Reference > Quotations > S.A. Bent, comp. > Familiar Short Sayings of Great Men
S.A. Bent, comp.  Familiar Short Sayings of Great Men.  1887.
        [Johann Wolfgang von Goethe; born at Frankfort-on-the-Main, Aug. 28, 1749; educated for the law at Leipsic and Strasburg; wrote “The Sorrows of Werther,” 1774; invited to the grand-ducal court of Saxe-Weimar, 1775, and established himself for life at Weimar; visited Italy, 1786; published his greatest works between 1788 and 1806, when the first part of “Faust” appeared, the whole not being finished until 1830; died March 22, 1832.]
I am not to be satisfied with what does for other people!
          When his mother asked him, at the age of seven, why he wished the assistance of the stars, when other people got along without it.
Men are to be regarded as organs of their century, whose movements are mostly automatic (Die Menschen sind als Organe ihres Jahrhunderts anzusehen, die sich meist unbewusst bewegen).
          From an autograph-album.
  Thus Marcus Aurelius derived from the Stoics the remark, “Always regard the world as a living being, endowed with body and soul.”
It is better to do the idlest thing in the world than to sit idle for half an hour.
          A maxim from Sterne’s “Koran,” which Goethe put into German: “Es ist besser das geringste Ding von der Welt zu thun, als eine halbe Stunde für gering halten.” Goethe once remarked to Eckermann, “Be always resolute with the present hour. Every moment is of infinite value, for it is the representative of eternity.” Leibnitz declared that “the loss of an hour is the loss of a part of life” (pars vitæ quoties perditur hora perit). Napoleon made the remark to some boys at school, “My lads, every hour of lost time is a chance of future misfortunes.” Frederick the Great had a maxim which he took from Seneca: “Time is the only treasure of which it is proper to be avaricious” (Le temps est le seul trésor dont l’avarice soit louable; in Latin, Temporis unius honesta avaritia est).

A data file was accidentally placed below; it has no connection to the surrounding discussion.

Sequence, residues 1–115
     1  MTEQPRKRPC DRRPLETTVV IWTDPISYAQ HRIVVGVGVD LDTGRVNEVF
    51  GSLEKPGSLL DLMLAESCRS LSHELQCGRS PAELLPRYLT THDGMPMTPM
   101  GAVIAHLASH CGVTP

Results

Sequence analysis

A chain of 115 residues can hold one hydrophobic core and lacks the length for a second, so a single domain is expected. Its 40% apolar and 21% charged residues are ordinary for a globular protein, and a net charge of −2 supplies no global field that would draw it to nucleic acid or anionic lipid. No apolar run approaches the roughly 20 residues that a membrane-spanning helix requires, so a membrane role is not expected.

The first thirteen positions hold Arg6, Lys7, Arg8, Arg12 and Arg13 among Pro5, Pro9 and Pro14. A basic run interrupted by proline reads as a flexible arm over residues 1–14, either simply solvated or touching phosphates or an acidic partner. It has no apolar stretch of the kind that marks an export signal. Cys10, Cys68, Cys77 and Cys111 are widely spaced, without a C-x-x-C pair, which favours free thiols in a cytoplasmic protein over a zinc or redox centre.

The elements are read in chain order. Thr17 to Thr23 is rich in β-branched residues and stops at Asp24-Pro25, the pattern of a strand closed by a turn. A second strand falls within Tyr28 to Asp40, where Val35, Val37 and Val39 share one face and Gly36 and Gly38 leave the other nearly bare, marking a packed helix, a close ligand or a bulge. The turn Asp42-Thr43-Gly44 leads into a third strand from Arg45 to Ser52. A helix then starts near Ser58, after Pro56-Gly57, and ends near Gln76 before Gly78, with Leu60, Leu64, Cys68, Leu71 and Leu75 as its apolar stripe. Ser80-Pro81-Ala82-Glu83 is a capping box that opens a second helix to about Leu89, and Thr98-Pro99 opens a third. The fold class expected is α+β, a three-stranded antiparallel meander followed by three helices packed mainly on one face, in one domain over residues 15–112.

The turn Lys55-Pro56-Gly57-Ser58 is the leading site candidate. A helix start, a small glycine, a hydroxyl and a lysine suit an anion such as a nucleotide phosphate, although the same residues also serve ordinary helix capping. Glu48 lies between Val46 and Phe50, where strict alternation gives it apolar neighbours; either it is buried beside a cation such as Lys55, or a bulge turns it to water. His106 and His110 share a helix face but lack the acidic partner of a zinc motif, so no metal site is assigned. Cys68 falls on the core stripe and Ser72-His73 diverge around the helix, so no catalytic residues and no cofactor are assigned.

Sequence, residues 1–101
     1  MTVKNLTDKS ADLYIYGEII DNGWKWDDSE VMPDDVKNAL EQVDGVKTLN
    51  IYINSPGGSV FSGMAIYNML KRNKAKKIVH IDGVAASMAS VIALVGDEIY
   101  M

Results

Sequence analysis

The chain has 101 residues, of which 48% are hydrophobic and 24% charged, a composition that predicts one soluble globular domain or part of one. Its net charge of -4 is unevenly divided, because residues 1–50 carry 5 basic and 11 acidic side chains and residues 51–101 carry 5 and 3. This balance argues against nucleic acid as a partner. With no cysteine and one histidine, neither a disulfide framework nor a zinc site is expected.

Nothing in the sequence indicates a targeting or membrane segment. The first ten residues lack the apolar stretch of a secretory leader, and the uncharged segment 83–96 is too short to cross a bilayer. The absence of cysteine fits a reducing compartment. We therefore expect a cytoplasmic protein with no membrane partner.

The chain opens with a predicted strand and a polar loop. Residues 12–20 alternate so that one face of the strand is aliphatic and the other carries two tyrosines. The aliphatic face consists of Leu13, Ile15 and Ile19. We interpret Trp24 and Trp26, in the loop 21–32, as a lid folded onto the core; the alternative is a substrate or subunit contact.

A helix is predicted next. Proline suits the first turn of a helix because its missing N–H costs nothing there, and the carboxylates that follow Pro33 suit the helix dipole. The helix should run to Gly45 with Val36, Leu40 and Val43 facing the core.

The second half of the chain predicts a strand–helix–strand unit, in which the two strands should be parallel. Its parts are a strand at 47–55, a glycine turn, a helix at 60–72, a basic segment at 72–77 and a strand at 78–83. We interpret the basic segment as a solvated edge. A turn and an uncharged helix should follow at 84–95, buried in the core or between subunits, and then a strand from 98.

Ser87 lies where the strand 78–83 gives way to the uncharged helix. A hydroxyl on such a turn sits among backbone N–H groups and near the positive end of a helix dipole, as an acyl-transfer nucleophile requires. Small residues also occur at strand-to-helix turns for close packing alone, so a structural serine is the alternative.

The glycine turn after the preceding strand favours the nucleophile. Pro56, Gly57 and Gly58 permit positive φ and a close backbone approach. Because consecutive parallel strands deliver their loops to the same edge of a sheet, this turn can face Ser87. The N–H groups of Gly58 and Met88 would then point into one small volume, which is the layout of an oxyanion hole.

All our knowledge is symbolic.
          This and the following are from Goethe’s “Table-Talk,” Riemer (Mittheilungen über Goethe), II. ix. 1805.
In the world the important thing is not to know men, but to be wiser at each moment than any particular man.
          Ibid., 1808.
What have the Germans gained by their boasted freedom of the press, except the liberty of abusing each other as they like?
          Thus Heine defined free thought as commonly understood to be the free expression of contempt for the thought of others.—Ibid., 1809, note.
Sin writes histories, goodness is silent (Das Uebel macht eine Geschichte, und das Gute keine).
          Saying that the man who writes confessions is apt to confess his sins and conceal his virtues.—Ibid., 1810.
Superstition is favorable to poets.
          Ibid., 1829.
When a man eats the fruits of more favored climes, he is for the moment transported thither, and imagination heightens enjoyment.
          Ibid., 1830.
The ancient languages are the scabbard which holds the mind’s sword (Die alten Sprachen sind Scheiden darin das Messer des Geistes stickt).